Finance Minister Grant Robertson won't commit to rolling out free second-year study for tertiary students, after today reallocating $200 million from its fees-free policy after lower than expected enrolments.
In his pre-Budget speech this afternoon, Robertson said $197 million would be reallocated from the policy, to be spent on reforms in the vocational education sector.
In the speech from the throne, the Government promised to make the first year of tertiary education free, with "the intention of making the first three years free in future terms."
But Robertson was reluctant to commit to the Government extending the scheme if it wins the next election.
"The scheme, as it stands now is one year free," he said.
"Those second-year decisions come beyond this term of Government and we will take those decisions when [they're in front of us]."
But the Herald understands Labour is now re-evaluating the rollout of the next stages of the policy.
Robertson said the scheme remains Labour Party policy "until it's not".
Asked if was ruling out implementing the policy in the second year, Robertson said he was not "playing the not ruling out game" for 2021 just yet.
"What I'm saying is it's still our policy – but clearly we want to make sure whatever we do in the vocational, post-school tertiary education space is appropriate for the future and those decisions will be made closer to the time."
Robertson also attempted to play down the significance of the reallocation.
He said when the fees-free policy was set up an assumption was made that it would lead to a 15 per cent increase in enrolments in the first year.
"That was always a generous assumption," he said.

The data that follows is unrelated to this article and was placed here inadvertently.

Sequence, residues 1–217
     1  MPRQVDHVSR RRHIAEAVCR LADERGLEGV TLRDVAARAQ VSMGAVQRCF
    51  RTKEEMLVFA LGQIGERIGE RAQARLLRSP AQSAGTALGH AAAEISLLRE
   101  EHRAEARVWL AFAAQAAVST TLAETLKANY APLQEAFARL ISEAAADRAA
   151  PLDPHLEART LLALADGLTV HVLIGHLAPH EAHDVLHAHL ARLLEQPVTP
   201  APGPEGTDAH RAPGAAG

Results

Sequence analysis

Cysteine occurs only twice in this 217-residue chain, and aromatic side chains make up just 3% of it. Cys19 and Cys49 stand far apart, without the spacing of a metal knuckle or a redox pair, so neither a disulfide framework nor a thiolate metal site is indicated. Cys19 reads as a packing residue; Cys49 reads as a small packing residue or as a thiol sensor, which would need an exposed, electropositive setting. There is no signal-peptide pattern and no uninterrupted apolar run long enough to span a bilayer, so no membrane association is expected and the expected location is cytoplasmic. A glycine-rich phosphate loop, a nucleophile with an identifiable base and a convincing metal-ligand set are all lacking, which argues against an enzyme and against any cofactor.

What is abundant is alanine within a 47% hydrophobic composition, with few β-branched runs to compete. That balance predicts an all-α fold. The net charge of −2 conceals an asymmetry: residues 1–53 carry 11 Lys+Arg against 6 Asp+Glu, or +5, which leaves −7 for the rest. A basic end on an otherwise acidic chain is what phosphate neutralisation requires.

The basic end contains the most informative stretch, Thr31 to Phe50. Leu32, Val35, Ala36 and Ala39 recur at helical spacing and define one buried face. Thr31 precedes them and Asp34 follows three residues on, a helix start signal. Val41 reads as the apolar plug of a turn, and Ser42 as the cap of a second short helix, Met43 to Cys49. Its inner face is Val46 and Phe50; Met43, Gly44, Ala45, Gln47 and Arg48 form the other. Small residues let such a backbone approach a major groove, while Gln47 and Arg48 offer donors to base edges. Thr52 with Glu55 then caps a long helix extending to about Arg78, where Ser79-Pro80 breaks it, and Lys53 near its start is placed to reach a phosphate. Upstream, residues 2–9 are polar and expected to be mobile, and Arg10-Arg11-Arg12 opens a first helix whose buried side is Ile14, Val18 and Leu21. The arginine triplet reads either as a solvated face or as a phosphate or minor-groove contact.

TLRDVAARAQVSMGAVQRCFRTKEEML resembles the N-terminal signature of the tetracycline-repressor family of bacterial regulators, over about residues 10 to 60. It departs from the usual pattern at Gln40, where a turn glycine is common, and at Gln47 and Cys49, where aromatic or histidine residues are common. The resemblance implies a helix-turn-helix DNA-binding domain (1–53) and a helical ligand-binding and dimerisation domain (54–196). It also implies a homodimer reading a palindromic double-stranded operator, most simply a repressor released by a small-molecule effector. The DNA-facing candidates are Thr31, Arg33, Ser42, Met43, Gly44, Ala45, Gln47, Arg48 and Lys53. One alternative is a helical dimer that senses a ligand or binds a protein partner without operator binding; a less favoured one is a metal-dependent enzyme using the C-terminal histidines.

"When you have a period of time where unemployment [is] very, very low, that traditionally coincides with lower enrolments, particularly in polytechs."
National's tertiary education spokesman Shane Reti said Robertson's reallocation showed the policy was a failure.
But Robertson disagrees.
"Far from it," he said when asked if the scheme was a failure.
"This is simply a recognition that not all of the money that was allocated for it was being used.
"Now we have the opportunity to put that towards what I believe is really significant shift in New Zealand's education system towards a vocational education system that's delivering people with the skills that they need."
National's finance spokeswoman Amy Adams was critical of other parts of Robertson's speech too.
"Mr Robertson said today that his wellbeing approach 'is about stepping out of the silos of agencies and working together to assess, develop and implement initiatives to improve wellbeing.'
"He went on to say that 'a wellbeing approach means looking at intergenerational outcomes. We have to think about the long-term impacts on future generations at the same time as meeting the needs of the present.'
"This is the very definition of National's Social Investment Approach. National's 2017 Budget saw the most rigorous investment criteria ever used to ensure funding went to evidence-based proposals that delivered long-run benefits for vulnerable people."